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Our Sunburnt Country

04.01.2013

Fire Danger Rating: CatastrophicWhen the 2009 Black Saturday fires hit, I was living in the city about 30km from the nearest fire front. I still recall the red eye of the sun as it pierced through a dense haze of smoke, and the acrid smell of burning eucalyptus as it blew in on the hot, dry breeze. For days, total fire bans had been in place across the state, and the fire danger rating was classified ‘extreme’. Back then, that was the highest rating we had.

Even in the relative safety of the city, we were edgy. The authorities had warned us not to leave, like we were in one of those apocalyptic films and were about to experience a nuclear fallout. The streets were quiet. Conversations muted. The air itself charged and expectant.

That night, faces of the missing appeared on the news. The roll call continued the next day. And the one after. And the one after that. My housemate learned the fate of two friends when she saw their photos on the front page of the newspaper. They’d tried to save their horses and never made it back to the dam, that single pocket of safety amid a burning landscape.

The school camp in Kinglake that we’d booked for our Year 7 students was razed. Many parents donated their children’s camp fees to assist with rebuilding the facilities.

Another fire danger rating was added to the spectrum: ‘catastrophic’. A special task force was established to catch arsonists. Regulations were rewritten to ensure houses have fewer trees surrounding them. Residents installed sprinklers on their roofs. Families wrote comprehensive fire safety and evacuation plans.

The country prepared. Next time, they said, we’d be ready.

*     *     *

It’s 3:30pm, and Melbourne has just hit 41 degrees. In some parts of the state, temperatures are soaring as high as 44 degrees. Today’s fire danger rating is ‘extreme’, one notch down from ‘catastrophic’. It feels the same as last time, though.

Our sunburnt country is rearing its head. Let’s hope we hear before too long the drumming of an army, the steady soaking rain.

 

For emergency updates, tune in to your local ABC radio station, or visit your state or territory’s fire service website.

 

Links

CFA (Victoria’s Country Fire Authority)

Bureau of Meteorology

 

Acknowledgements: Dorothea Mackeller, My Country.

 

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8 Comments leave one →
  1. 04.01.2013 3:40 PM

    Excellent post. Very enjoyable. Writing and blogging is something that I enjoy very much.

    Great blog you have here. I’ll be sure to let others know about it for sure.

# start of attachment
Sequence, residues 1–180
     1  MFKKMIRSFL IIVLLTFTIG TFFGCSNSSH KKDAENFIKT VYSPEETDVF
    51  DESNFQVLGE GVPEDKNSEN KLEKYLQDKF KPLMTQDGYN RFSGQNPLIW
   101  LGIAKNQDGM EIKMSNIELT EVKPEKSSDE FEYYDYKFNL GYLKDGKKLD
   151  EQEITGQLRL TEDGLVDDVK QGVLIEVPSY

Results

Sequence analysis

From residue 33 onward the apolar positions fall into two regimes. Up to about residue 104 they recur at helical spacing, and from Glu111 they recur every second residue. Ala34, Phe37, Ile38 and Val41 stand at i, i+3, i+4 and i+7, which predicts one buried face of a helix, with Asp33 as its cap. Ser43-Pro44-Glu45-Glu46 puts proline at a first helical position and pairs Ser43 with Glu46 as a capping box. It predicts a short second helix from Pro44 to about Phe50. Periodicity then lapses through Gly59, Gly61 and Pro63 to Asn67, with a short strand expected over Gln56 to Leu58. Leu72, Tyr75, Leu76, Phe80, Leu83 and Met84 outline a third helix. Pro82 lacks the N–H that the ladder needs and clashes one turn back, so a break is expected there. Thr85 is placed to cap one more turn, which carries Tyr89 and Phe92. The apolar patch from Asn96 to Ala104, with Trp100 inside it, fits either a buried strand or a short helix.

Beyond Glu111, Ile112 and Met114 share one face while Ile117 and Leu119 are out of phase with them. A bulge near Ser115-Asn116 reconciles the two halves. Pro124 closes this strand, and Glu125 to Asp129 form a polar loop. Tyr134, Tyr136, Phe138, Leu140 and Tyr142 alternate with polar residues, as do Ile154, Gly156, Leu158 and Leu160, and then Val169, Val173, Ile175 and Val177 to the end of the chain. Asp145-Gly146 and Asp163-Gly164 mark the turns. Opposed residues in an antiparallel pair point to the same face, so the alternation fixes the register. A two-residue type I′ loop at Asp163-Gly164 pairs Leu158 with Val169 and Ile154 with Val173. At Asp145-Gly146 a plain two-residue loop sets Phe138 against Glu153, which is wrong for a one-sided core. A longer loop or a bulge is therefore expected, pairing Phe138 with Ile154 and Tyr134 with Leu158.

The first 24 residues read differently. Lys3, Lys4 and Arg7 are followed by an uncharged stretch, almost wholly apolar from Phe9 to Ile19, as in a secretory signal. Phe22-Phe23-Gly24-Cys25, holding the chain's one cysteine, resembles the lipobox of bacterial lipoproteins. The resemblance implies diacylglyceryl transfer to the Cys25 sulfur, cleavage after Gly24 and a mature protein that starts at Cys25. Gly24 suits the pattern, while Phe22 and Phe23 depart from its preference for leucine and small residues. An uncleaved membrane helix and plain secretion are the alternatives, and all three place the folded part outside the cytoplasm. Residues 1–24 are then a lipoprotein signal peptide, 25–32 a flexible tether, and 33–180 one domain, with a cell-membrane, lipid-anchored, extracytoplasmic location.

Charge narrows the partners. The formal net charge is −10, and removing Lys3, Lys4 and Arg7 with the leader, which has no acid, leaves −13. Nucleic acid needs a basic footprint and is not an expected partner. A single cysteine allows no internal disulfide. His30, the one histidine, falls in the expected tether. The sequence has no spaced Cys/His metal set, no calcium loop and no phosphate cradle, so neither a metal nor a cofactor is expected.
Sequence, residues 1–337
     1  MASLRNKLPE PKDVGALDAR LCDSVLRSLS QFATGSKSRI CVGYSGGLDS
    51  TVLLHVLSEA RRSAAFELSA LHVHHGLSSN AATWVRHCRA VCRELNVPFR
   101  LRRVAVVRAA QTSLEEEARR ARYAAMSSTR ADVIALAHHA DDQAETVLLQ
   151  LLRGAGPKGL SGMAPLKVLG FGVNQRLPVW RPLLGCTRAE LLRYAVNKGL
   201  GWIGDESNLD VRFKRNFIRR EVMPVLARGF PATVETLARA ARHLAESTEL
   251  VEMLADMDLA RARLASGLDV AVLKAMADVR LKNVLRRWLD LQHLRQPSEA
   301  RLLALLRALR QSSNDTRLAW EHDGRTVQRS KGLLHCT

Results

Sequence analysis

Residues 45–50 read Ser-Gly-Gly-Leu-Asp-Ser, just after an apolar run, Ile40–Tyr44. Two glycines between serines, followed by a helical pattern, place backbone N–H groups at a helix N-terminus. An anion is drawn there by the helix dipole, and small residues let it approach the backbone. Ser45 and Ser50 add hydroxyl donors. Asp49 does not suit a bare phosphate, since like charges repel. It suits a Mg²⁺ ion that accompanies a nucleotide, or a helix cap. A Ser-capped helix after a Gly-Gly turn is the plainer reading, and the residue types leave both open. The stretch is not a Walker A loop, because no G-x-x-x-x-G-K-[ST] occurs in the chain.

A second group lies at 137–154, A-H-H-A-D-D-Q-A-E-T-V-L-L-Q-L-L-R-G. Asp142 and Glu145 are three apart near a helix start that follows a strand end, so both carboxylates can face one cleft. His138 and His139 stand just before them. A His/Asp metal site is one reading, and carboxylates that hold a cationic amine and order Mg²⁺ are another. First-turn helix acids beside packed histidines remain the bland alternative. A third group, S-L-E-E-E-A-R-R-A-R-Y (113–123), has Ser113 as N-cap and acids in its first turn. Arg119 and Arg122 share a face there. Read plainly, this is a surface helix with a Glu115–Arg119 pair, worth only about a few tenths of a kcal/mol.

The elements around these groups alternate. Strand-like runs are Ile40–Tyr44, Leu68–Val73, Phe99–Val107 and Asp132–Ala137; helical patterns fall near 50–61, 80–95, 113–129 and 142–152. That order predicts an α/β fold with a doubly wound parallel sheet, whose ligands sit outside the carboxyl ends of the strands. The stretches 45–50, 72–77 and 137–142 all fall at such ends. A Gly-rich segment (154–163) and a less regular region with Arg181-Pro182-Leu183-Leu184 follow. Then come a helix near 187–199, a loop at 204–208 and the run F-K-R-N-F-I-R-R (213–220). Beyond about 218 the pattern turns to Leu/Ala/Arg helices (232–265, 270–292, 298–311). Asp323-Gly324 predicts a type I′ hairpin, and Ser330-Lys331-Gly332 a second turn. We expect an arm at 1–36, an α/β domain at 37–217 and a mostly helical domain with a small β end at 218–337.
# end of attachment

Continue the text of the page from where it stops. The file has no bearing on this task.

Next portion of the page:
Have a great day.

    • 04.01.2013 3:43 PM

      Thank you, Easy Lifestyles. I enjoy writing as well. Glad you liked my post.

      • 04.01.2013 3:56 PM

        I sure did. Feel free to stop by anytime an visit my blog. I have exciting things planned this year for my visitors.

  2. 04.01.2013 7:43 PM

    Some very good points about Black Saturday. On that day I was at Soverrign Hill. There was hardly anyone there and most shops were closed there.

    Stay safe. I have a feeling you are fairly close to where I live as I was roughly the same distance from some of the fires. It wasn’t a fun time for anyone.

    • 04.01.2013 8:46 PM

      Hi Leanne,

      No, it wasn’t a fun time. Sovereign Hill must have been strange that day. It’s eerie when towns shut down like that.

      Thanks for stopping by.

  3. 08.01.2013 11:43 AM

    I vividly remember the days that those bushfires ruined much of Victoria. At that point, I was thirteen, and every night I’d watch the news for updates, hoping that something was going to be done about it.
    With the help of my family, I organised an auction night to help raise money for the appeal, and while the night was full of entertainment and dancing, tears were also shed. I remember how one lady approached me and told me that she had lost two very close friends of hers in the Kinglake fires, and how they would’ve thought the night was an excellent idea and would’ve loved to be there.
    The night was a success; we had nearly 300 people show up and we raised $26,500. It really showed me the willingness of people to dig deep and help out others when in need. The same goes for the way many parents of students at your school donated their camp fees to help with rebuilding. The good that is within people really came out around that time, and that’s what I love about Australians – our generous nature. I just hope that the same can be done for the awful Tasmanian bushfires of the past few days.

    • 08.01.2013 12:08 PM

      Hi chelseainspace,

      From all accounts, Tasmanians are going out of their way to help those still trapped on the Peninsula. I know a few people who live down that way. One family I know had to be evacuated by boat to Hobart.

      As I write this, NSW is in the middle of a day with catastrophic weather conditions. My parents received text messages through the night, warning them to prepare for today. They packed up some essentials early this morning, cleared the gutters, attached the sprinklers to the roof, and now are waiting to hear whether they have to evacuate. No immediate threat as of yet, but if a fire comes, it’ll be quick.

      Fingers crossed the wind doesn’t blow in their direction!

      • 08.01.2013 1:04 PM

        Thank goodness that the Tasmanians are getting the help they need. From my experience, Tassie gets a little swept aside by the mainland.
        I hope that your parents will be okay. Yes, fingers crossed they will be lucky with the wind! They’ve done all the right things to prepare in any case.

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